Twitter reverts change that left blank spaces in place of deleted embedded tweets

Twitter has confirmed it reversed a change that altered the appearance of deleted tweets embedded on websites outside of Twitter (thanks to @RuinDig on Twitter for pointing this out). Instead of leaving a blank gap in place of the deleted tweets, the site will go back to displaying the tweet’s original text.

“After considering the feedback we heard, we’re rolling back this change for now while we explore different options,” Twitter spokesperson Remi Duhé said in an emailed statement to The Verge. “We appreciate those who shared their points of view — your feedback helps us make Twitter better.”

If you head to any third-party webpage with an embedded tweet (like this one from The Verge), you’ll see that you can once again see the tweet’s original text, date, and the name of the user who posted it. Judging by Twitter’s response, it looks like this reversal is only temporary while the company figures out an alternate way to display deleted tweets on websites. It’s unclear what kind of “different options” Twitter might try out, but, hopefully, it won’t involve completely blocking out any information associated with the tweet.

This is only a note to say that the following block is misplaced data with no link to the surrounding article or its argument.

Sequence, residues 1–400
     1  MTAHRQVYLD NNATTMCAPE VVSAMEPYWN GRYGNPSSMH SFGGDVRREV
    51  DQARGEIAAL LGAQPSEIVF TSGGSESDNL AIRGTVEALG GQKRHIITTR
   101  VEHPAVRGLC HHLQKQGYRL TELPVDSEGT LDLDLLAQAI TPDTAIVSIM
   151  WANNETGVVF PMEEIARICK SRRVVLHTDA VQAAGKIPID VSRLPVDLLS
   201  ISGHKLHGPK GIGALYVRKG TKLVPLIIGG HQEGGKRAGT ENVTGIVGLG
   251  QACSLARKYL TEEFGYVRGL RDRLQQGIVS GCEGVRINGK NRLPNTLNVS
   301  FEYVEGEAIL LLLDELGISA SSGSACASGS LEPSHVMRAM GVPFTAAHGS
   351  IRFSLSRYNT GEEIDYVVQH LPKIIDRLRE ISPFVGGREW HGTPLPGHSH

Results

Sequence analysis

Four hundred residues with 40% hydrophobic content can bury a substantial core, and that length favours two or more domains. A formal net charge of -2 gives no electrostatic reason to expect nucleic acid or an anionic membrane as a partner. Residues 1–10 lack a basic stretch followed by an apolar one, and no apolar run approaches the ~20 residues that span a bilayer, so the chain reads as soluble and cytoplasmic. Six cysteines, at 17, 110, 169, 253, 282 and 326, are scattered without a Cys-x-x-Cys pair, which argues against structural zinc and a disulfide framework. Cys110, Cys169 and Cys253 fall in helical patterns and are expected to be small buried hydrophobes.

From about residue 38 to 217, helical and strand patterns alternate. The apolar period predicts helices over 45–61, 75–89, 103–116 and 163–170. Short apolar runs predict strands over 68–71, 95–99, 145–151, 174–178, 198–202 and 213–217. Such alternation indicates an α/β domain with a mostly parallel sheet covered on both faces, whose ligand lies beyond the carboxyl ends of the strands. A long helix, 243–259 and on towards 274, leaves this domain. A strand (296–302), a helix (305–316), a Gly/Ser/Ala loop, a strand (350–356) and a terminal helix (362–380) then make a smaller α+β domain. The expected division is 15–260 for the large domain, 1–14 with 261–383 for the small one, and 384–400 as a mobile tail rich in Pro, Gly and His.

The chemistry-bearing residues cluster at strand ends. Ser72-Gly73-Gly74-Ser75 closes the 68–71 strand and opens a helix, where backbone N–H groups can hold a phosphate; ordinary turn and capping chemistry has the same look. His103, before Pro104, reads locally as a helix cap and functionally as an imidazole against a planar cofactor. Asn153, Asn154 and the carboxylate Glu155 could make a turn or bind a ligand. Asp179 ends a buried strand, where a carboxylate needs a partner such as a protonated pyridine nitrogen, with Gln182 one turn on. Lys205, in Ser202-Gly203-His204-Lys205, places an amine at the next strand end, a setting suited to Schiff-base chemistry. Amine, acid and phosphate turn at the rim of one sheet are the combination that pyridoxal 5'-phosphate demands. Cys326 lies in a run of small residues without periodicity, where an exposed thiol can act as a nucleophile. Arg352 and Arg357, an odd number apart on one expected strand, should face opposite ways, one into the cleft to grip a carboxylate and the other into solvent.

How deleted embedded tweets appeared in articles following Twitter’s quiet change.
Screenshot: The Verge

On Wednesday, Kevin Marks pointed out that Twitter quietly began using Javascript — potentially as early as late March — to block out deleted tweets (pictured above) embedded on other websites. This includes tweets from accounts that have been banned or suspended from Twitter, making it impossible to see embedded tweets from people like Donald Trump, who Twitter banned last year. This had pretty big implications for news stories that included deleted tweets or tweets from banned users, which are typically important for context.

Earlier this week, Twitter announced that it’s working on a long-awaited “edit” button, sparking concerns over whether people could abuse the feature to change the content of a tweet (including those that are embedded) after it had already been shared.



Source: The Verge

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